It helps, too, to remember sin from God’s perspective.  We have a tendency to think of ourselves as just ordinary, run-of-the-mill sinners—good people who mess up a little bit now and then—but then we look at others—especially the people who have sinned against us, the people against whom we hold grudges, the people we don’t like—and we think of them as being really big sinners.  But, Brothers and Sisters, from the perspective of God’s perfect holiness, the difference between my sin and your sin or even the sins of the most awful people we can imagine is like the distance between Courtenay and Victoria when you look at a map of the whole world.  From our perspective on the ground it seems like a long way.  It takes a couple of hours to drive.  But then you look at a map of the world or you look at a globe and you can’t even put your finger on Victoria without covering up the whole Island.  From that perspective the difference is nothing.  From the perspective of God’s infinite and perfect holiness there’s simply no significant difference between your sinfulness and my sinfulness or your neighbour’s sinfulness.


Now, that said, Jesus’ point is not that we just pretend the offense or the sin didn’t happen.  Forgiveness isn’t the same thing as ignoring the offense.  Just before this in Chapter 18 Jesus tells the disciples that what we’re after is reconciliation.  If your brother sins against you, Jesus says in verse 15, go and talk to him about it one on one.  Our tendency when someone offends us is to get angry.  We retaliate.  We yell or we throw a punch.  We call the cops.  Or we just shut that person out of our life.  But that’s not what Christians are called to do.  Go and talk to the person about it.  He may apologise and you can be friends again.  It may be that he didn’t even realise he’d done something wrong.  It might be that you misinterpreted the incident.  So go and talk about it between the two of you, sort it out, apologise and forgive as the situation requires, and be restored.  But, Jesus says, if he won’t listen to you, don’t just write him off.  Go back with one or two others and try again.  Again, the goal is reconciliation and restoration.  If that still doesn’t work, then Jesus says to “tell it to the church”—let the presbyters or the bishop go to this person and talk to him about it.  If that doesn’t work, then that person is to be treated, Jesus says, like a tax collector or a Gentile—like an outsider.  The “churchy” term for this is excommunication.  An unrepentant sinner is to be treated like a non-Christian.  But excommunication isn’t meant to be revenge or retaliation.  It’s a warning from his fellow Christians: If you’re not going to bear the fruit Christians are supposed to bear—especially repentance—then you’re no longer welcome at the Lord’s Table.  This is a place for people who have repented and committed to following Jesus and you’re doing just the opposite.  And, as Paul points out later in the New Testament, our hope and prayer is that this person will snap out of it and repent and start being the Christian he’s claimed to be—that he’ll be restored and really start living the life the Spirit has given him.  Unrepentant sin really does need to be addressed.  Forgiveness doesn’t set it aside.  Sometimes, for example, there are unavoidable civil consequences for some sins.  But forgiveness seeks to bring to bear the sacrifice Jesus has made at the cross on our human conflicts.  It seeks to restore an unrepentant believer and it seeks to show God’s grace and mercy to unbelievers.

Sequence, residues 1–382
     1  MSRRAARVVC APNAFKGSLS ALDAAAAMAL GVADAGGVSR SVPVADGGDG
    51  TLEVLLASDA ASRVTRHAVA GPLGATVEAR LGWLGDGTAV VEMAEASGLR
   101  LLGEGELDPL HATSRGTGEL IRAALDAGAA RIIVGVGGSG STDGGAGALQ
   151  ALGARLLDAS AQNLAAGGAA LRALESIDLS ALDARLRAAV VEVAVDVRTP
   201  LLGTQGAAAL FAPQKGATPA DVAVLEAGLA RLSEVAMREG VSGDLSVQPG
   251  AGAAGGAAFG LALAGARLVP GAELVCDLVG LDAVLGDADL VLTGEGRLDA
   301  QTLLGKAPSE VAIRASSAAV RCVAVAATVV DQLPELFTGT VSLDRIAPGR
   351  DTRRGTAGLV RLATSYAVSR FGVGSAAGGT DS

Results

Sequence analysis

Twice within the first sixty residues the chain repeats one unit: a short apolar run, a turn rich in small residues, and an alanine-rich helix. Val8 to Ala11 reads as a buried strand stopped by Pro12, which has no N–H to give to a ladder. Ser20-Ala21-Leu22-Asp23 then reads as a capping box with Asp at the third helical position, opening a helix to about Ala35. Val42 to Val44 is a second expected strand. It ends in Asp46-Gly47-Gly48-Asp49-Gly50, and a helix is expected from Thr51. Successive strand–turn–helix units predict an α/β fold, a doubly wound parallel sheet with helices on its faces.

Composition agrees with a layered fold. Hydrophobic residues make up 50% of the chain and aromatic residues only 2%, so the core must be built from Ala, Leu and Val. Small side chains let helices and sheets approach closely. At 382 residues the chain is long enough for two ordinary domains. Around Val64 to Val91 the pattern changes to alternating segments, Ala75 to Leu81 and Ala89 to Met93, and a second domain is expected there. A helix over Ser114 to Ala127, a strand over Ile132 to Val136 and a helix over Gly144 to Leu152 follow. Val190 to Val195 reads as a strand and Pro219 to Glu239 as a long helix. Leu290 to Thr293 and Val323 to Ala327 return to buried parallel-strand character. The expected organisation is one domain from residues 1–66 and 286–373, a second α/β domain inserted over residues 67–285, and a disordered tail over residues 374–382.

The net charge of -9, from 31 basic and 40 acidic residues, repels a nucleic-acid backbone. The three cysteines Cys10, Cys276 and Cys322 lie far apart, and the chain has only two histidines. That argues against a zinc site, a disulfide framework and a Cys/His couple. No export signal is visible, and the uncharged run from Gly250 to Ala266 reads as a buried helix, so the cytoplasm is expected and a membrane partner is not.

But that doesn’t fully answer why Jesus says so solemnly that those who refuse to forgive will themselves be refused forgiveness.  Some people try to explain away the plain meaning of what Jesus says here.  I was once talking with one man who had been holding a grudge for so long that it had consumed everything.  The grudge had become his reason for living.  I pointed him to Jesus’ parable here and this ominous warning and his response was that it couldn’t mean what it looks like at face value because if it did then Jesus would be saying that we’re saved by our works.  “God’s forgiveness covers everything,” he told me, “even our unforgiveness.”